H. Anan, X. Liu, K. Maly, M. Nelson, M. Zubair, J. C. French, E. Fox and P. Shivakumar, "Preservation and transition of NCSTRL using an OAI-based architecture." In: International Conference on Digital Libraries: proceedings of the second ACM/IEEE-CS Joint Conference on Digital libraries, 2002, Portland, Oregon, USA. New York: ACM Press, 2002.
Abstract available at:

A paper on the NCSTRL (Networked Computer Science Technical Reference Library), a US federation of digital libraries providing resources on computer science materials. The paper described how the project team approached the migration of the NCSTRL collection to OAI (Open Archives Initiative) principles.

Larry Brandt, Valerie Gregg and Sue Stendebach, "The National Science Foundation Digital Government Research Program's role in the long-term preservation of digital materials," RLG DigiNews, 6 (5), 15 October 2002.

Svein Arne Brygfjeld, "Access to Web archives: the Nordic Web Archive Access Project approach," Zeitschrift für Bibliothekswesen und Bibliographie, 49 (4), 2002, 227-231.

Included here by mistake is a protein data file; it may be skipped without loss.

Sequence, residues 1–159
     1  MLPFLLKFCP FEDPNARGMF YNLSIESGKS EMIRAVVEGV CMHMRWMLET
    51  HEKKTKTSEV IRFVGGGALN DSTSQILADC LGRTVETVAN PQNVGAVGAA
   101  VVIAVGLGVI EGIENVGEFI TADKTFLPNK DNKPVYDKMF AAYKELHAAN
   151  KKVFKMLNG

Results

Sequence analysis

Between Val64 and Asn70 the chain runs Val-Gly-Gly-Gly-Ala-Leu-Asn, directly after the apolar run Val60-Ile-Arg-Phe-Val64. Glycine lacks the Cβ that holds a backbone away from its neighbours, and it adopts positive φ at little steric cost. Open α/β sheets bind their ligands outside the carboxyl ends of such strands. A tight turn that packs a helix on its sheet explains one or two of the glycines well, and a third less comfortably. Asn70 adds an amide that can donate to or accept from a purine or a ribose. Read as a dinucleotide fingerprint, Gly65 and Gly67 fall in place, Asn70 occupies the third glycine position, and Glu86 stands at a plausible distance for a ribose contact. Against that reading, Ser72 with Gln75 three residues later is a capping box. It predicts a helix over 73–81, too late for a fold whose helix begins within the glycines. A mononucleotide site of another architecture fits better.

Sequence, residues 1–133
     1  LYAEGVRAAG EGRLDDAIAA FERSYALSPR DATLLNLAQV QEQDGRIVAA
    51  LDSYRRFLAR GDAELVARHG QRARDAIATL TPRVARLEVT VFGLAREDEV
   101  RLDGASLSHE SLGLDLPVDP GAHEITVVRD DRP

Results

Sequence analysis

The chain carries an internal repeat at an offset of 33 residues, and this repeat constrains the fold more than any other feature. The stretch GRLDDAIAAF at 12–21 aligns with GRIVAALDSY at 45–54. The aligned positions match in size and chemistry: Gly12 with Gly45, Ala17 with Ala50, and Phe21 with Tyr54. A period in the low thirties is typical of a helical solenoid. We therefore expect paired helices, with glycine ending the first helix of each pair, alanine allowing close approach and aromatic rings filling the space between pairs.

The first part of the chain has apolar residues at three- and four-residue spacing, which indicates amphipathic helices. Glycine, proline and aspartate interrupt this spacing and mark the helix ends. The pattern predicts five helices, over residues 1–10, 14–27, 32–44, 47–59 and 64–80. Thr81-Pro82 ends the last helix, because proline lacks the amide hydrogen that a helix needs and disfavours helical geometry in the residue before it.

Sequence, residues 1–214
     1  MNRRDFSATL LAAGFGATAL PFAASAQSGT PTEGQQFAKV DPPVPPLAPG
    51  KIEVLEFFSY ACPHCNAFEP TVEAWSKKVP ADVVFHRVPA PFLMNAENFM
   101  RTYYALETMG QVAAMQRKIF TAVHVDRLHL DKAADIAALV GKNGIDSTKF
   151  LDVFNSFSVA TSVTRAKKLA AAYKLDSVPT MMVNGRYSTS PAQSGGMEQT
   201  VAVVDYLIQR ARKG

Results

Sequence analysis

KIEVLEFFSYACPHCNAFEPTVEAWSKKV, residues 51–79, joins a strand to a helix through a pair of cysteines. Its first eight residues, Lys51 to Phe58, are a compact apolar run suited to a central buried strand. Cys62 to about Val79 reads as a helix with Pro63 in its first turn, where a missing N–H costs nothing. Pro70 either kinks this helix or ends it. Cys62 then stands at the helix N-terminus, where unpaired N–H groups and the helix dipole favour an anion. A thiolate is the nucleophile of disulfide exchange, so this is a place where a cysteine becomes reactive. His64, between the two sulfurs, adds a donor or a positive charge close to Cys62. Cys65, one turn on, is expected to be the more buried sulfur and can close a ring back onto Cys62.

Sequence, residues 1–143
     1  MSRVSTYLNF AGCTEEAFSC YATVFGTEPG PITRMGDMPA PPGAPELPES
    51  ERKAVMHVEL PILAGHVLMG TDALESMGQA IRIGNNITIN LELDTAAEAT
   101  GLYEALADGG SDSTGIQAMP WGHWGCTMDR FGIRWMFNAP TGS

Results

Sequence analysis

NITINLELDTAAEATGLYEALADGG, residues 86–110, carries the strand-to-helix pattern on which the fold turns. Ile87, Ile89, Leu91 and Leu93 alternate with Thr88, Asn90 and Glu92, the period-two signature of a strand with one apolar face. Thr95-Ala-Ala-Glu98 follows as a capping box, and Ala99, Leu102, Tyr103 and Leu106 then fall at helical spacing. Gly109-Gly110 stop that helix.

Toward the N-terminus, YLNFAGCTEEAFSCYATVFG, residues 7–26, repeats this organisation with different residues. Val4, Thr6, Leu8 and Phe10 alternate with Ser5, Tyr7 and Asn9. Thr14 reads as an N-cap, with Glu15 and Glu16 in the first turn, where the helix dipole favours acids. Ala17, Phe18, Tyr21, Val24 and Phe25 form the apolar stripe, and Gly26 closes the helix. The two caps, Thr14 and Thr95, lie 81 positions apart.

Peter Buneman, Sanjeev Khanna, Keishi Tajima and Wang-Chiew Tan, "Archiving scientific data." ACM SIGMOD 2002, Madison, Wisc., 4-6 June 2002.
Available at:

Brian F. Cooper and Hector Garcia-Molina, "Peer-to-peer data trading to preserve information," ACM Transactions on Information Systems, 20 (2), 2002, 133-170.
Abstract available at:
Technical report available at:

Brian F. Cooper and Hector Garcia-Molina, "Bidding for Storage Space in a Peer-to-Peer Data Preservation System" 22nd International Conference on Distributed Computing Systems (ICDCS'02), Vienna, Austria, 2-5 July 2002.
Abstract available at: